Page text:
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Pilanesberg National Park February 2016

Springbok grazing

My family and I have been going to Pilanesberg Game Reserve annually for over 25 years and every year we have amazing new experiences. In the 1980s Operation Genesis introduced nearly 6 000 animals of 19 different species into the reserve which is situated in the ecologically rich transition zone between the Kalahari and the Lowveld. At the time it was the largest game translocation in the world, and today Pilanesberg is teeming with game and birds.
And although the drought has hit it hard this year, it’s still a spectacular destination.

Eleven wild dogs on the road just after the gate opened at 5.30am. Photo courtesy Coral Reynolds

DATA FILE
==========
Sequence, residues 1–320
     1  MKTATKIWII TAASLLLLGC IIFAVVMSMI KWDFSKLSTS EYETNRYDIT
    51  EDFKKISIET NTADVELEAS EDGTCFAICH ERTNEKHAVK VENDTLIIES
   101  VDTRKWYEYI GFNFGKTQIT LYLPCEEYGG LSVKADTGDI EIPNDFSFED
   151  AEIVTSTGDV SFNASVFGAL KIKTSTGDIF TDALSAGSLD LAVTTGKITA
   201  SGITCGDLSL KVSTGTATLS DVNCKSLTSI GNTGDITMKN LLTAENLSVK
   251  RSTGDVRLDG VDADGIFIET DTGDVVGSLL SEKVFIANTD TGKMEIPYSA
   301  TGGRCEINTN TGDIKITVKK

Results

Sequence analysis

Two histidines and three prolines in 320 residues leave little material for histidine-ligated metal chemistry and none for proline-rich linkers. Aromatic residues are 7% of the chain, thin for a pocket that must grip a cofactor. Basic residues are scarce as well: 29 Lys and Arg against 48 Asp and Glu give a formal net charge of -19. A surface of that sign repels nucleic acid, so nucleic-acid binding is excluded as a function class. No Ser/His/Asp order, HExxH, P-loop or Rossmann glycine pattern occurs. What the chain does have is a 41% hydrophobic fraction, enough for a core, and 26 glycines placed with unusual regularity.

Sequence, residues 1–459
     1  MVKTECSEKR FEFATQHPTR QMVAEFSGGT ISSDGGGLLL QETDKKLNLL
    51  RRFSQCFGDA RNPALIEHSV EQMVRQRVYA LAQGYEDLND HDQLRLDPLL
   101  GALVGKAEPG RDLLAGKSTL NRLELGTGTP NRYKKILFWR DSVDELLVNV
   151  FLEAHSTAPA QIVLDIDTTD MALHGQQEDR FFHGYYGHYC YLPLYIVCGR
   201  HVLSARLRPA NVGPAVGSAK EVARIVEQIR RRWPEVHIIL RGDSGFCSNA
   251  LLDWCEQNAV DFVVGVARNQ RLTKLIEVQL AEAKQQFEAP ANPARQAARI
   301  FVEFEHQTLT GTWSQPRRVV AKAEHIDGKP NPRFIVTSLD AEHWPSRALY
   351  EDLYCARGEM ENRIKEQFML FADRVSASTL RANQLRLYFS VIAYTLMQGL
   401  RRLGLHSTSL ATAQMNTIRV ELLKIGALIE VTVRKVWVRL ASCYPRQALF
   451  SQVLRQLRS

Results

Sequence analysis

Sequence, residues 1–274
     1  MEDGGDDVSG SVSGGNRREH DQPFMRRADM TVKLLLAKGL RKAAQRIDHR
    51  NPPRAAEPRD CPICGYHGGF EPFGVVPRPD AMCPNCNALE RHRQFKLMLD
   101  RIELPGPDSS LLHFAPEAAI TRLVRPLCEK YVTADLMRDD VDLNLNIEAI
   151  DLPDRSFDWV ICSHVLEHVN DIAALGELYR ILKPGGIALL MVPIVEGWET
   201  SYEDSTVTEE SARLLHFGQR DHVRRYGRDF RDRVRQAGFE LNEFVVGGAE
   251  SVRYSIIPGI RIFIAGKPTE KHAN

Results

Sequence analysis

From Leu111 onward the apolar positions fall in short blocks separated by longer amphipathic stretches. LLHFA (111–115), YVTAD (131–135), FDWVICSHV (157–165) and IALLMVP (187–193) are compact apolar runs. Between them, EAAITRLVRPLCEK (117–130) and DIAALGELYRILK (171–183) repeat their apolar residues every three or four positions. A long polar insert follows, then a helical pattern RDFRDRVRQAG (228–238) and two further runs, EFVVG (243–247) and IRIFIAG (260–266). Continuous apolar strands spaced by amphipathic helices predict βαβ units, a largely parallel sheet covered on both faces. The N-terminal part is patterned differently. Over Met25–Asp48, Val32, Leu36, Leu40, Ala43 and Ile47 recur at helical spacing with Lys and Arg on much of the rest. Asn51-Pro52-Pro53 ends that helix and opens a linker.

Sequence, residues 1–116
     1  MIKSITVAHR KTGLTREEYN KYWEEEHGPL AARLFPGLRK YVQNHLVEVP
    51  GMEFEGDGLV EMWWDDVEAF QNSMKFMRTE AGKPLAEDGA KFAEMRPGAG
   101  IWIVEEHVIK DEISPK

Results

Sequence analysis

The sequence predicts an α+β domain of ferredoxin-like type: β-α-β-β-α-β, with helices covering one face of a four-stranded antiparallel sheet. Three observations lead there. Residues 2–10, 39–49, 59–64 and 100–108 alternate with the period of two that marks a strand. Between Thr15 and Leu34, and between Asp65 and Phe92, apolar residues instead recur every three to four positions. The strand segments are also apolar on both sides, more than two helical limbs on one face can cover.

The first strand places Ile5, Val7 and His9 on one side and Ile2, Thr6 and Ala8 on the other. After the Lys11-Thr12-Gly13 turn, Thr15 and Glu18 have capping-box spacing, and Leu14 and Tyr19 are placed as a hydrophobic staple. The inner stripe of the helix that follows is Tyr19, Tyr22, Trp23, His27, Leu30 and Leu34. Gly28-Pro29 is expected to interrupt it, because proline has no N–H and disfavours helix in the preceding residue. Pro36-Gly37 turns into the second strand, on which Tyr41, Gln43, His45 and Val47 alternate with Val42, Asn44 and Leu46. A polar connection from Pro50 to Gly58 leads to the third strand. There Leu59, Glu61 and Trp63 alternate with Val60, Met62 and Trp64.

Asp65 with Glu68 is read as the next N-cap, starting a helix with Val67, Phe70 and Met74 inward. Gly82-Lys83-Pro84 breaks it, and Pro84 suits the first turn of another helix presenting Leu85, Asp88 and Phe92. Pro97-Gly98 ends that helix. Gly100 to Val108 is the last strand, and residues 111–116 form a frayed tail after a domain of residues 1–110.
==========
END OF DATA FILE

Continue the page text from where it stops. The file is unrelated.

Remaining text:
Thirsty white rhinos

Dawn in the park

Dung beetle rolling his ball of dung plus wife

Old bull elephant enjoying a snack

Crested barbet

Red-billed oxpecker. Photo courtesy Coral Reynolds

A troop of very well behaved baboons came and had sundowners with us!

Wildebeest at Pilanesberg Centre

A flap-necked chameleon out for a stroll. Photo courtesy Coral Reynolds

And another glorious African sunset (although this one was in Kruger!)


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About

Kate Turkington is one of South Africa’s best-known broadcasters, travellers and travel writers.

Her weekly Sunday night three-hour live Talk Radio 702 / CapeTalk talkshow, Believe It Or Not, which came to an end in early 2013 was South Africa’s longest-running radio talkshow with the same host in the same time slot. She continues to broadcast as a regular guest on travel shows where she talks about the when, where, why, what and how of travel both locally and internationally from her vast personal experience. She also blogs for several travel websites.

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